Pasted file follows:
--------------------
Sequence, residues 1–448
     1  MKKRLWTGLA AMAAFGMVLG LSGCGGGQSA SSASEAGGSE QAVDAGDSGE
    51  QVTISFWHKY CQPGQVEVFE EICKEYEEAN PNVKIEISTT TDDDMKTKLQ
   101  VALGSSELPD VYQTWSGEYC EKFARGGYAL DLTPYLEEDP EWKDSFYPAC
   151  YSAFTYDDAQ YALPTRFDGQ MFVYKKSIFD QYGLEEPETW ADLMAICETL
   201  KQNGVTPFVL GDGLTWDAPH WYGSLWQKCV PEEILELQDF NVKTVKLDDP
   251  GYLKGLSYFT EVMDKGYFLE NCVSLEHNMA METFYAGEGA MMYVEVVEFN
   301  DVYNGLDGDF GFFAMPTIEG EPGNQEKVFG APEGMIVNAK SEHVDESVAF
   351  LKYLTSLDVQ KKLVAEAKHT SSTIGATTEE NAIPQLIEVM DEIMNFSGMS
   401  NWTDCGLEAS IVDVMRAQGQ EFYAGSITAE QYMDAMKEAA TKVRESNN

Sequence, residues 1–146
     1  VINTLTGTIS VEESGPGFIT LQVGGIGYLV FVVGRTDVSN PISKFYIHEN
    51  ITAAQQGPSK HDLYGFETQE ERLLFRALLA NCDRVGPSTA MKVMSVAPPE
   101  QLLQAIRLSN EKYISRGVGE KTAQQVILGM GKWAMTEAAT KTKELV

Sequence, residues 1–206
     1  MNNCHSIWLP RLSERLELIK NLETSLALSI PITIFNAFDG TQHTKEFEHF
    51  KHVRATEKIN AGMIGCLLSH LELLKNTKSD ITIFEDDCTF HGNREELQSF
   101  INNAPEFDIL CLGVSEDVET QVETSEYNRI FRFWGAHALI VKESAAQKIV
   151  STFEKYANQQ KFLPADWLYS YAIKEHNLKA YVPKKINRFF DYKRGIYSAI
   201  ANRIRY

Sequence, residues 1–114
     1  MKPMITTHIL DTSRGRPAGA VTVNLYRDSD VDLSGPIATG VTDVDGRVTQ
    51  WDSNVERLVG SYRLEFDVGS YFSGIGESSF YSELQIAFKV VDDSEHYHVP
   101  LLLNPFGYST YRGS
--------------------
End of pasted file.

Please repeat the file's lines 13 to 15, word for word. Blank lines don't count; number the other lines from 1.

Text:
    51  ITAAQQGPSK HDLYGFETQE ERLLFRALLA NCDRVGPSTA MKVMSVAPPE
   101  QLLQAIRLSN EKYISRGVGE KTAQQVILGM GKWAMTEAAT KTKELV

Sequence, residues 1–206